GoogleCustom Search

Honda RS250


Honda's very public failure to secure results with the radical four stroke NR500 was to have a profound affect on both the companies racing and road bike programmes. The realisation that a two-stroke was needed to compete at the highest level prompted the development of the NS500 triple, the success of which resulted in the development and sale of two stroke road bikes, something that had been inconceivable for the four stroke orientated firm during the seventies. By 1983 Honda were marketing the three cylinder MVX250 in Japan, that would later evolve into the NS400, based heavily on the successful Grand Prix triple.A twin cylinder 250cc two stroke became available during 1984, typed the NS250 and was joined by an over the counter racing version coded the RS250R. Although there were immense benefits to racing a machine so clearly linked to the road going product the restrictions inherent in converting the road bike into a racer had been underestimated, and the new 250 proved a costly failure both for the factory and those that bought it.

Realising their mistake the R and D department reacted with great speed, introducing a completely redesigned RS250 for the 1985 season, prototypes of which were run at the British Grand Prix.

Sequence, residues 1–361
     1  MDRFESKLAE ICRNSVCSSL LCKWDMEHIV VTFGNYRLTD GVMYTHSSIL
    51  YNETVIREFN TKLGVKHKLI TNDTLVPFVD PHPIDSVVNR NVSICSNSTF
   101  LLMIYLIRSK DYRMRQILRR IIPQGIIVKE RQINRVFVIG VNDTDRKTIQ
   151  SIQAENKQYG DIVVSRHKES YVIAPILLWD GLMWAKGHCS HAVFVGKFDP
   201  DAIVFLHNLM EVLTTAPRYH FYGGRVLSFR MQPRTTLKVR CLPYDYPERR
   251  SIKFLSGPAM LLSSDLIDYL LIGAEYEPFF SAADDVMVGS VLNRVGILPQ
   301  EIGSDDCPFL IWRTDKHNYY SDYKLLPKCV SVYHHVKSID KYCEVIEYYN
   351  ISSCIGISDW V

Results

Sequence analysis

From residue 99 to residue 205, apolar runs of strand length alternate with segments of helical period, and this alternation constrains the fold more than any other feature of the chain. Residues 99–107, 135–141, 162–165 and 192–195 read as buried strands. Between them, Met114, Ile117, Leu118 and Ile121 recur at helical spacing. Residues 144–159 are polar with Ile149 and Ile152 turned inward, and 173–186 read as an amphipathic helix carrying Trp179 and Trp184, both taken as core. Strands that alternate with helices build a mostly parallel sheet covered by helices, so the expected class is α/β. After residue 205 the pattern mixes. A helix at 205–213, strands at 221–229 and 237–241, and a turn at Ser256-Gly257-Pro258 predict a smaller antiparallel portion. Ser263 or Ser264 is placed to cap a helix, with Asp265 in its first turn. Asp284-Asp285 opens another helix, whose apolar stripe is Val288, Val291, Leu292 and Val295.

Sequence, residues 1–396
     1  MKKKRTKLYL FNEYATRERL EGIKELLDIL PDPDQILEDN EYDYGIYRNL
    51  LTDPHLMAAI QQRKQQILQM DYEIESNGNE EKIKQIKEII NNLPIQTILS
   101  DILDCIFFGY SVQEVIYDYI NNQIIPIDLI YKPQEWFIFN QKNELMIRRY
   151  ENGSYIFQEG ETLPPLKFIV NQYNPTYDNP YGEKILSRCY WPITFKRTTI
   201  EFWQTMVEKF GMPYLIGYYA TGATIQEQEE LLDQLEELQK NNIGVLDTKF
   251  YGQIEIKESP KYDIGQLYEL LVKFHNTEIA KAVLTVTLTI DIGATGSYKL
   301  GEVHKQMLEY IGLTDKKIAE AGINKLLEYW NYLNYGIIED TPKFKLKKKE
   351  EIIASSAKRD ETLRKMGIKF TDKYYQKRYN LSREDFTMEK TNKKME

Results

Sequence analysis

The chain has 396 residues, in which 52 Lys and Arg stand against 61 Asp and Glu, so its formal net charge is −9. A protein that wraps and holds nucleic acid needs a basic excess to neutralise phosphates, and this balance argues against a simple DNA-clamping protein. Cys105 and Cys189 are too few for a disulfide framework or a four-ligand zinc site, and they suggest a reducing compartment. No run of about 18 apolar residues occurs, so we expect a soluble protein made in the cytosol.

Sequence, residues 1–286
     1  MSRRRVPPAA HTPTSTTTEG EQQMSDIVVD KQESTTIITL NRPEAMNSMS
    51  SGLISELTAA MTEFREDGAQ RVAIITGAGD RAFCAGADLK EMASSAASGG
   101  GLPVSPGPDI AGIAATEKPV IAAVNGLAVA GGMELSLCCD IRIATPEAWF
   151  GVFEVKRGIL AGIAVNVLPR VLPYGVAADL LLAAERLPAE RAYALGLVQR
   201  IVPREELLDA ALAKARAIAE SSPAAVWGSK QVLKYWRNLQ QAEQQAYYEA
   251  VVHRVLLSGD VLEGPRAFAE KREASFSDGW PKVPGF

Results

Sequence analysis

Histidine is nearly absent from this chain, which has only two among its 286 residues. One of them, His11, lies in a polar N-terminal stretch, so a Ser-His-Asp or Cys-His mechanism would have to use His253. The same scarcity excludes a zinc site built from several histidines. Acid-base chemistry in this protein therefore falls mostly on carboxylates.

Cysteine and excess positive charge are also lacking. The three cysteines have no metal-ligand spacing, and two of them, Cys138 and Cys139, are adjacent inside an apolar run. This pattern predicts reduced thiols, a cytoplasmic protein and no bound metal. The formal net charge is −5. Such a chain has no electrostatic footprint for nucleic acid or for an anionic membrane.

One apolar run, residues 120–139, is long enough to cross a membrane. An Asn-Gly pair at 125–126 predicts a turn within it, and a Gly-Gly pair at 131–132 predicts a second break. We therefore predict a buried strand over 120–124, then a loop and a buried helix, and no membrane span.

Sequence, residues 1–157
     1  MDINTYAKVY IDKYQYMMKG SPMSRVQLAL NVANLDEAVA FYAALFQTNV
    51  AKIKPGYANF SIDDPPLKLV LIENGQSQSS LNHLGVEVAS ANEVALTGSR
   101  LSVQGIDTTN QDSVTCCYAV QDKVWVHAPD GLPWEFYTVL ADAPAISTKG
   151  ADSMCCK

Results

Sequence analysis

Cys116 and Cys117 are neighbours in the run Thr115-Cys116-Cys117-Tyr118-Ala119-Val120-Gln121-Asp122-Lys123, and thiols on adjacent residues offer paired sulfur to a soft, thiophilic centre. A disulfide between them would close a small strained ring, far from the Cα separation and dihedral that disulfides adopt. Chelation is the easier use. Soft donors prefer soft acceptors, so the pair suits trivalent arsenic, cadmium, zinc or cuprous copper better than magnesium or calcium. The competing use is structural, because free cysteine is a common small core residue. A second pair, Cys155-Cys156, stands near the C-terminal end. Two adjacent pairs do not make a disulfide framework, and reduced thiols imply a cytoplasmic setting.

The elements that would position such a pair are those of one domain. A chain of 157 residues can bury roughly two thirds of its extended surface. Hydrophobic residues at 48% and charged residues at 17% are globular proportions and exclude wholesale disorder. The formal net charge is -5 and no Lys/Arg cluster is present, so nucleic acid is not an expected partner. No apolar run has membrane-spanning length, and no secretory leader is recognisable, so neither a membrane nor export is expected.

Although the new machine retained the 90 degree vee twin configuration of the previous model, the engine was now a pure racing unit. The crankcases had been slimmed and the vertical cylinder was turned through 180 degrees, benefiting, along with its partner, from revised porting and ATAC exhausts. The unit was housed in a new twin spar aluminium frame equipped with rising rate rear suspension and "Comstar" wheels. When Freymond tested the new bike he found that it revved to 12,500 rpm compared to the previous models 11,200 rpm and was significantly improved in all respects when compared to the 1984 machine. Results during 1985 vindicated the new machine with consistent points finishes at Grand Prix level, Massimo Matteoni won the European Championship and the great Joey Dunlop took wins at both the TT and Ulster Grand Prix.

This matching numbers example, which retains the original "Comstar" wheels, many having had them replaced by proprietary alloys, has been the subject of a full restoration. The vendor is fortunate in owning a genuine ex Dunlop 1985 RS250 and opted to restore this example as an exact replica of the Dunlop bike from which, according to the vendor, it is "hardly distinguishable".

Please e-mail the webmaster if you have a picture worth adding to our database, e-mail: